- Photographs of the site showing the elevations of the house affected and the relationship between the sighting of the proposed works and neighbouring properties;
- Annotated sketch drawings providing details of the proposal, including floor plans of the proposed building(s) together with sketch elevations that are sufficient to indicate the initial architectural approach and the materials proposed. Drawings should indicate sighting and scale of extension/alterations in relation to the existing property;
- The appropriate fee. Payment can be made by debit or credit card over the phone by calling 01322 343203; or via the automated payments kiosk in the Civic Centre reception area, where payment by cash ONLY is accepted. Payment must be received before any meeting
If any of the above are not fulfilled your enquiry will not be dealt with.
Advice is provided by an individual planning officer but in liaison with appropriate colleagues and is agreed by a more senior officer before being issued.
Any advice given by Council officers for pre-application enquiries does not indicate any formal decision by the Council as local planning authority. Any views or opinions are given in good faith, and to the best of ability, without prejudice to the formal consideration of any planning application.
The final decision on any planning application that you may then make can only be taken after the Council has consulted local people, statutory consultees and any other interested parties. The final decision on an application will then be made by senior officers or by the Council's Development Control Board and will be based on all of the information available at that time.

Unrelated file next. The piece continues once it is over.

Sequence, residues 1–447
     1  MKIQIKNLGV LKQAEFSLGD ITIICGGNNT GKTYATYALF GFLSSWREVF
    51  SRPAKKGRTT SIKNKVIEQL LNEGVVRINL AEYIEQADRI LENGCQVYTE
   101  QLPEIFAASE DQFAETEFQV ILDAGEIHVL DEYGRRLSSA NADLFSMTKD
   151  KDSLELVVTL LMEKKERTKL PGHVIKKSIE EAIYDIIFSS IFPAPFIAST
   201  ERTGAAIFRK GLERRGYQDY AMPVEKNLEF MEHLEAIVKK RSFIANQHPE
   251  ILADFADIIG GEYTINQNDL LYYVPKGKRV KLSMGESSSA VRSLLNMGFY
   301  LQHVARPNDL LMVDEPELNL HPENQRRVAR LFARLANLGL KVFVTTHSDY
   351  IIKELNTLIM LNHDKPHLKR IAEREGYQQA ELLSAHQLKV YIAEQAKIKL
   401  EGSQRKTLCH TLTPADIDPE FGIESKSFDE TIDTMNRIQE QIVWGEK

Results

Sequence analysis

You should therefore be aware that officers cannot guarantee the final formal decision that will be made to your application(s).
Any pre-application advice that has been provided will be carefully considered in reaching a decision or recommendation on an application; subject to the proviso that circumstances and information may change or come to light that could alter that position. It should be noted that the weight given to pre-application advice will decline over time.
DISCLAIMER: With all building work, the owner of the property (or land) in question is ultimately responsible for complying with the relevant planning rules and buildings regulations (regardless of the need to apply for planning permission and/or buildings regulations approval or not). Therefore, failure to comply with the relevant rules will result in the owner being liable for any remedial action (which could go as far as demolition and/or restoration). The general advice is to always discuss your proposals with the relevant local planning authority and building control services before starting work.